Protecting and conserving bees :
Honey bee -nature’s pollinators
A close-up of the bee hive
Fruits, vegetables, cereal and grain dominate the food we consume.
Any dish, that is sweet, sour, bitter or spicy, is based on these
resources that come from plants. Most of the time fruits or vegetables
just do not come out of flowers. As we all know behind all these flowery
and fruitful plants lies a very magical and technically complicated
process called pollination, a brainchild of Mother Nature.
How do plants get pollinated? Well, depending on geographical areas
it happens in different ways. Wind, insects and other animals are the
main ones. But in most fruiting trees and in certain vegetables the
pollen is carried by animals mostly by insects – butterflies, bees as we
Pollen is the male part of the flower and it needs to be carried away
to the female part of the flower which is called pollination and in most
cases in nature, without pollen plants can not produce fruits or seeds.
The fruits that we eat, the vegetables we use and even most spices are
derived from fruits and seeds of plants would not exist if not for
pollination. This is a necessary part of the reproductive biology of
Among the pollinators of nature, bees seem to be doing the largest
part of the job. Armed with large number of workers and their ability to
fly long distances bees are the best unbeatable pollinating machines and
humans have not found a successful alternative machine. In the world of
bees living in Sri Lanka, the Bambara (‘Apis dorsata’) is the best
pollinator of all, according to researcher Fred Dyre, Professor of
Zoology of the Department of Zoology of the Michigan State University,
USA. Dyre has been studying bees since his days as a grad student at the
Princeton University, USA. What is there to study about bees is a common
question scientists like Dyre answer quite often. Currently Dyre is in
Sri Lanka to study our ‘Bambara’, the best pollinator among the bees in
the world, as part of long standing research.
“This needs further studies to prove the fact,” he added. Yet they
have several reasons to believe Bambara is the best pollinator. “ In
tropical Asia generally most pollination done by animals and it is
mostly bees. Honey bees have long flight ranges, rapid recruitment,
precise communication, large colonies and thus we think that honey bees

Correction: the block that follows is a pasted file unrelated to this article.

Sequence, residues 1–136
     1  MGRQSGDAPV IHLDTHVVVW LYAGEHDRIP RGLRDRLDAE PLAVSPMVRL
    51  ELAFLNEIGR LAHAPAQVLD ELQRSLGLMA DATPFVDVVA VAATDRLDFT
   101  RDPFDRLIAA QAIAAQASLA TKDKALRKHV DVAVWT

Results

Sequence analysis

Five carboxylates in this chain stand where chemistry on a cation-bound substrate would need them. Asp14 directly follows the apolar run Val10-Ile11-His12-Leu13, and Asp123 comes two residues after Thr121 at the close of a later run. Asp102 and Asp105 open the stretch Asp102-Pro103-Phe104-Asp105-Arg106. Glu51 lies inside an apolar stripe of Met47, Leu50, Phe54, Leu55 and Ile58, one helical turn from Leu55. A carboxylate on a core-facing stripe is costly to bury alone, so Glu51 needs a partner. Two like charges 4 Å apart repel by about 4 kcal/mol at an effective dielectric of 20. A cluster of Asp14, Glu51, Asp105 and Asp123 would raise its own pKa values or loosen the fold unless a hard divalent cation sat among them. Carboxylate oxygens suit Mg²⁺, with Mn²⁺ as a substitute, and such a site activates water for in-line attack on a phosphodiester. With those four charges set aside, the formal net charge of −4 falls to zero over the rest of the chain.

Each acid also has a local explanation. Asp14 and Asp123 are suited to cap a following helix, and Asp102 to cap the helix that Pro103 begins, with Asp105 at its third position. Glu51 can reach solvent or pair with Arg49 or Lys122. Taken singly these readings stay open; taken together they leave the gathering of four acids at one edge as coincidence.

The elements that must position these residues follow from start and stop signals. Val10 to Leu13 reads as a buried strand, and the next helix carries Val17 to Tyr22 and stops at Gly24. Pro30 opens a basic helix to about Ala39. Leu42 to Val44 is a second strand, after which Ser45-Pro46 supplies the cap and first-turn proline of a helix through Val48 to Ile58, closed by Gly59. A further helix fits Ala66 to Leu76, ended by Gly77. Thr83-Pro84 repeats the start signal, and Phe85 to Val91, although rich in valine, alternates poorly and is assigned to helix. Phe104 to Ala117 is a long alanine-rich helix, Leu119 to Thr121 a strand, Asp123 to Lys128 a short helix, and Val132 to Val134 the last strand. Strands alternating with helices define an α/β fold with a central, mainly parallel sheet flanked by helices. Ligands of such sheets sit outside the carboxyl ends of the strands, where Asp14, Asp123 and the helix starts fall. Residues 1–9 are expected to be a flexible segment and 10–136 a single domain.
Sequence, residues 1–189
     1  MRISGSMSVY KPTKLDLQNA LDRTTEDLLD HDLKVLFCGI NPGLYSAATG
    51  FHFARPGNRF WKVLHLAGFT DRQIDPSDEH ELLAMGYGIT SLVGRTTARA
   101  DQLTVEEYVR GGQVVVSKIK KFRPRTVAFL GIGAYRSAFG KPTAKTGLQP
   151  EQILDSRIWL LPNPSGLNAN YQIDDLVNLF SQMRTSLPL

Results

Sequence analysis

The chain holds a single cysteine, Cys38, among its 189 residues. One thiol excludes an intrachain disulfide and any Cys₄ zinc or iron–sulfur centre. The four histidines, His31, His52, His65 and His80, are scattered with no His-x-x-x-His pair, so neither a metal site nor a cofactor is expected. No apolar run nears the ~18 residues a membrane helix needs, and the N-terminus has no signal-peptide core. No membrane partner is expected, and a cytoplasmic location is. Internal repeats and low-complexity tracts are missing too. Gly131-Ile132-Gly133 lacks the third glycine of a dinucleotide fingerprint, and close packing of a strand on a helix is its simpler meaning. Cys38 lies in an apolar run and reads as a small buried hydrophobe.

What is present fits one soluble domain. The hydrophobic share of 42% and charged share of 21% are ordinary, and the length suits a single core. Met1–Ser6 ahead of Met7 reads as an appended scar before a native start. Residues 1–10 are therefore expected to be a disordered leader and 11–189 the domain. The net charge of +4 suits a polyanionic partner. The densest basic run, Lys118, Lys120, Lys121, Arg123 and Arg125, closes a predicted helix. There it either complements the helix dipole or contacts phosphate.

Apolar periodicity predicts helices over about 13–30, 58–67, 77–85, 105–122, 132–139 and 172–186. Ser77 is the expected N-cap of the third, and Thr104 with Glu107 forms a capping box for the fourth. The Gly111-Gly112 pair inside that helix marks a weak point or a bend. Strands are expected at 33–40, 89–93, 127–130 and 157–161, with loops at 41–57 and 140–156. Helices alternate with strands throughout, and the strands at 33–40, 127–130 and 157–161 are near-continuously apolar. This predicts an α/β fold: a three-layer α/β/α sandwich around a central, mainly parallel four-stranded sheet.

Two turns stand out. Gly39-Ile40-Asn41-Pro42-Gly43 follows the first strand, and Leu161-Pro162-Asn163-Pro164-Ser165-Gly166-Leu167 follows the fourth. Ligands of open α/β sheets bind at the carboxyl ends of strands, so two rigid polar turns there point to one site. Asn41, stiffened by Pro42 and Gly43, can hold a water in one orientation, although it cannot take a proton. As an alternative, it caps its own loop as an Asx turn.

are more efficient as large scale pollinators than other bees of the
world,” he explained. Bambara is the biggest bee and has the longest
flight range. Bambara spread plant genes over a large distance. “this is
important for agricultural plants as well as forest plants,” Dr. Dyre
“There are thousands of bee species. I learned from Sri Lankan
zoologists that there are 50 – 60 species of bees in Sri Lanka, possibly
more than that. And the group that I study is the true honey bees. And
the honey bees are a group of about ten species. There are many common
features such as complex societies, large ensemble of workers, a queen,
and sterol females. They build wax combs in which they store honey and
raise the larva to continue their colony. They heavily depend on nectar
and pollen from plants as resources. In the process of that they
All bees pollinate. But the distance foragers carry pollen and the
number of bees get out there in to the crops or to the forests will
determine the success of their job, according to Dr. Dyre. “And all of
this probably has to do with having a communication system that is very
precise and makes a successful forager to recruit a very large number of
its nest mates to a feeding patch and successfully compete with the
other bees,” Dyre explained. Bees communicating with each other would be
a bit difficult to understand yet it’s a remarkable creation in nature.
The Bee Team – from left – right : Dr. Siril Wijesundara (DG,
Botanic Gardens Department), Dr. Wasantha Punchihewa, Dr. Fred
Dyre and Nayana Wijetilaka
As Dr. Dyre explained this feature of bees can be considered as
unique in the animal kingdom. “It is called as the dance language as it
involves movements of the body of a successful forager whose gone out
and found food at a particular location. It returns to the nest and does
these body movements. And by waggling their body in a certain way
pointing a particular direction on the nest and doing it with a certain
tempo it can certainly tell the other bees they should fly relative to
the sun to get to the food and also the distance.
Other bees pay attention to the dancer and after they watched a few
cycles of the dance they go out and look for the food. This
characteristic of honey bees contribute to the other unique features
they display,” he said. According to him this dance language has been
identified by scientists nearly 50 years ago. “I studied deeply in to
this language and tried to understand how bees use the sun and landmarks
as navigational tools.
Trying to find answers to many questions that is with their
language,” he added. The dancer bee is giving out a message of a place
that may be at 5 to 10 kilometres away from the location where they are
communicating. This does not give any signal on the individual bee as in
many signals animals do to find a partner for mating. But the bees are